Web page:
It took a year to nurse them back to health, but eight foals and 30 horses have all recovered and have been recently adopted by good homes from the Ventura County Humane Society in Ojai. Seven horses still remain.
Reported by Alex Wilson
Joan, Ernie and Cecilia Bor all pled guilty to felony animal cruelty charges Monday, Dec. 21. They ran a horse breeding operation in Lockwood Valley at Cochema Ranch, from which half of the estimated 100 horses were seized by authorities in September and October 2008. Mountain Community residents and feed store owners who observed the Bors’ practices and had seen dead and abused horses wrote depositions that were turned them over to the Ventura County Sheriff’s substation in Lockwood Valley. Their vigilance triggered a massive raid on the facility by Ventura authorities.
Ventura County Presecutor Wendy Macfarlane said, “They didn’t feed their horses. They kept acquiring more horses when they couldn’t afford or weren’t able to take care of the horses they had. They also continued to breed horses when they couldn’t feed the ones they had. So it was gross neglect of the needs of the horses….”
Several horses died as law enforcement moved in. Two were euthanized because malnutrition had progressed so far.
“According to Ventura County Animal Regulation and the Humane Society, these animals starved to death,” Macfarlane said. “Doctor (Craig) Koerner testified at the preliminary hearing that the ones that died had starved to death.” She said lab results showed that the others were “slowly being starved to death” with malnutrition.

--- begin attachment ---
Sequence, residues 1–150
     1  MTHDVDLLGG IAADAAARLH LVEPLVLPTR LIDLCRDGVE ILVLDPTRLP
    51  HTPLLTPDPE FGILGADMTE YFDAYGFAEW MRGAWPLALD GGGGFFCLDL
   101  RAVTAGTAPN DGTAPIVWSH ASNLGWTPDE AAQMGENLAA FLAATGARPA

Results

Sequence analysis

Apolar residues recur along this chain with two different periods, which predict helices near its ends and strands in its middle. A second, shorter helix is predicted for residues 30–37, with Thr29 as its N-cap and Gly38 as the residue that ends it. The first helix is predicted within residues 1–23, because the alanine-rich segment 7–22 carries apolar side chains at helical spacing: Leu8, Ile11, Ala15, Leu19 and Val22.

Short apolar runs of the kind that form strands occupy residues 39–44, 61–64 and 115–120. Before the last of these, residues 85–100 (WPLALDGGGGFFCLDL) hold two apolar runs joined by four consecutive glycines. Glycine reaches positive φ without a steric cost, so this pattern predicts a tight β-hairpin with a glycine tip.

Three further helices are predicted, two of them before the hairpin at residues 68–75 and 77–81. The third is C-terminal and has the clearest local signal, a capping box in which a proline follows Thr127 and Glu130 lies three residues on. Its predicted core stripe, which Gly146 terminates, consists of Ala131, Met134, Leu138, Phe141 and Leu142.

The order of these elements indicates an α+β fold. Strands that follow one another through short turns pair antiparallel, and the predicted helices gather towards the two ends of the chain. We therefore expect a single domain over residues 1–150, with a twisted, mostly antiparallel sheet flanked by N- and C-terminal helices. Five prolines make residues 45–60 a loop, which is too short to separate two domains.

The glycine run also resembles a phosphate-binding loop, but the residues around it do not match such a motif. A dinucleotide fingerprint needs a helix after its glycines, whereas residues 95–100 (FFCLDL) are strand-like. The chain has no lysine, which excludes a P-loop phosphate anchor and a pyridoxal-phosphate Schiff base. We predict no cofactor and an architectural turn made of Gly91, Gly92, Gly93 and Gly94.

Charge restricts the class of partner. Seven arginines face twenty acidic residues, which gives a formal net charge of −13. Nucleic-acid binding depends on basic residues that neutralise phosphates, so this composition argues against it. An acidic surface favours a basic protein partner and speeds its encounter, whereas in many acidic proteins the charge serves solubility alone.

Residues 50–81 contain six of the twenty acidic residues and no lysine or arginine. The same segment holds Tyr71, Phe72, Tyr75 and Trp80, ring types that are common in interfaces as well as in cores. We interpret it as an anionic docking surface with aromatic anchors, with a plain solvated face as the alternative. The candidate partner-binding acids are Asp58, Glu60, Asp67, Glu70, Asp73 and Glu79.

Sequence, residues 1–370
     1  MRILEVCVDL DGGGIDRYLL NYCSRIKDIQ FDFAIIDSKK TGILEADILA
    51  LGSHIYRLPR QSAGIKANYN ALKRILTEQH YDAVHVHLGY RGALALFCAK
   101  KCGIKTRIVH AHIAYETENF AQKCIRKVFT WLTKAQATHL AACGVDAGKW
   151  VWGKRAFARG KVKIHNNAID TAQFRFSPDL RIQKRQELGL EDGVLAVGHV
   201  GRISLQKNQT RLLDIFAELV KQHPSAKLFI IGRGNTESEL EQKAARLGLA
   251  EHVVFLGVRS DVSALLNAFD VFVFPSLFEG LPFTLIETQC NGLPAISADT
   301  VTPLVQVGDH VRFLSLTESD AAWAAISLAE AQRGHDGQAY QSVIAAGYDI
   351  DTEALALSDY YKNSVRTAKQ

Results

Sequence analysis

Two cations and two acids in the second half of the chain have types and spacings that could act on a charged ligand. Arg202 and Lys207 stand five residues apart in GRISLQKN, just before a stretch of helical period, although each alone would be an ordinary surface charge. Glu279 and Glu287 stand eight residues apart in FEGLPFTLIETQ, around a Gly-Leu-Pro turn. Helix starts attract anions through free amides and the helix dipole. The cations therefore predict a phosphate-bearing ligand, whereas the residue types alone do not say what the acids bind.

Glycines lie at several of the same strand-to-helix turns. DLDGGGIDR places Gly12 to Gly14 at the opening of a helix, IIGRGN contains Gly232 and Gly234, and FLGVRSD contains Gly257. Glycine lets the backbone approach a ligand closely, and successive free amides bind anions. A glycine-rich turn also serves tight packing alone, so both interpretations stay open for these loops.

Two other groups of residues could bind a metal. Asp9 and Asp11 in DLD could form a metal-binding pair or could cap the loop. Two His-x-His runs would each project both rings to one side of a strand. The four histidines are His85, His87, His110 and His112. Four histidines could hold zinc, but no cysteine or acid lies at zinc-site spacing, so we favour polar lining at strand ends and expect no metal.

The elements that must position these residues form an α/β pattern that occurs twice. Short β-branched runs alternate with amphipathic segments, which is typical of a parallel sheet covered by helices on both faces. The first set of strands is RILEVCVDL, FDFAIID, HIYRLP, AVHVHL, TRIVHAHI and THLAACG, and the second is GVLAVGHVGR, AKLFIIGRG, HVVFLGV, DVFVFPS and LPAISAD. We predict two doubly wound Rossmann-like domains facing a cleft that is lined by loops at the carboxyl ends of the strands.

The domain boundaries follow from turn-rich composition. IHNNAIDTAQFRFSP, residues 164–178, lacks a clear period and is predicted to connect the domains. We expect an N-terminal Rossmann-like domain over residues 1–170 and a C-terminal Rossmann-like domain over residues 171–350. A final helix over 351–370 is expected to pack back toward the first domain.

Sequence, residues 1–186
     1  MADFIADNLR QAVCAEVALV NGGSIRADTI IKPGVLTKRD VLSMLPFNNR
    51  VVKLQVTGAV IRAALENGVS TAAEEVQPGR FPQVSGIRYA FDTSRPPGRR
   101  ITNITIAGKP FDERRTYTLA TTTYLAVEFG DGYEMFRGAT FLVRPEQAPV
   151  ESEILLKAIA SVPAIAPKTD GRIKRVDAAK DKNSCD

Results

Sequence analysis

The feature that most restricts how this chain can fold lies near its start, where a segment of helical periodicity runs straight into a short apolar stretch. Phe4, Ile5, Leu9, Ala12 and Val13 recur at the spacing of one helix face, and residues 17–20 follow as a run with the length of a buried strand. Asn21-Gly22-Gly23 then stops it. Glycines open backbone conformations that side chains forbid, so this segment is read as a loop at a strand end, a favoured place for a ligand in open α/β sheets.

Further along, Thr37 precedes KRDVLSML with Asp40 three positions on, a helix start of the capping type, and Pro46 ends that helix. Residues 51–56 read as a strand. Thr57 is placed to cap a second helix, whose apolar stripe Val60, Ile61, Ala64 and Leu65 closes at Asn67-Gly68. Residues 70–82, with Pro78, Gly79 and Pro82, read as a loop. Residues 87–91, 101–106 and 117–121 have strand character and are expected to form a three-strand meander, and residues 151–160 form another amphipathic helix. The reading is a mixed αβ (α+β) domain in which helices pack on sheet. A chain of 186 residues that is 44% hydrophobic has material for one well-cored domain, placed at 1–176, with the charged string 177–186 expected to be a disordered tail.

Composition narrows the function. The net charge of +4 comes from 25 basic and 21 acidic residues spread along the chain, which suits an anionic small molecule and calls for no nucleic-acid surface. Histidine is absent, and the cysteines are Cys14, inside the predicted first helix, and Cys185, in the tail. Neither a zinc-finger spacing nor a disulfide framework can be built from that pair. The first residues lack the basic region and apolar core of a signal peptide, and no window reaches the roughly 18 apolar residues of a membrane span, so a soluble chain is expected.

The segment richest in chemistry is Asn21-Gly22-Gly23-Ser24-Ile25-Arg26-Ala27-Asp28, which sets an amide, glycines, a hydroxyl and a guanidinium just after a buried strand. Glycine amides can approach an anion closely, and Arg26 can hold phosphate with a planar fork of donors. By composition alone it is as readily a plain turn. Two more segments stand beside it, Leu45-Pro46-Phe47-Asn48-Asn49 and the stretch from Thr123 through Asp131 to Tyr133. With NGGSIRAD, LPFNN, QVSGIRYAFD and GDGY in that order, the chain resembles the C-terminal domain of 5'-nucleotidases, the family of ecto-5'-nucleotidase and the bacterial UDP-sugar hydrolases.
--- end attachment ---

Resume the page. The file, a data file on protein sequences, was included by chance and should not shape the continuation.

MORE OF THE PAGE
The Bors each pled guilty to four counts of animal cruelty, and the remaining nine were dismissed. They are to be sentenced on January 22, 2010 at 1:30 p.m. in courtroom 13 before Judge Bruce Young.
The judge offered them no more than 180 days in the Ventura County Jail and five years probation in exchange for their guilty pleas. The maximum they could have faced if they had been found guilty at trial is five years in state prison, and they could still be sent to prison if they violate their probation.
At the time of sentencing Deputy District Attorney Wendy Macfarlane will ask that the Bors be forbidden from owning any animals while they’re on probation. She’ll also ask for fines of up to $20,000 dollars each, she says. They were already forbidden from owning horses by a judge last June.
It has taken a year of care, but all but seven of the surviving horses have now recovered and have been adopted.
This is part of the December 25, 2009 online edition of The Mountain Enterprise.
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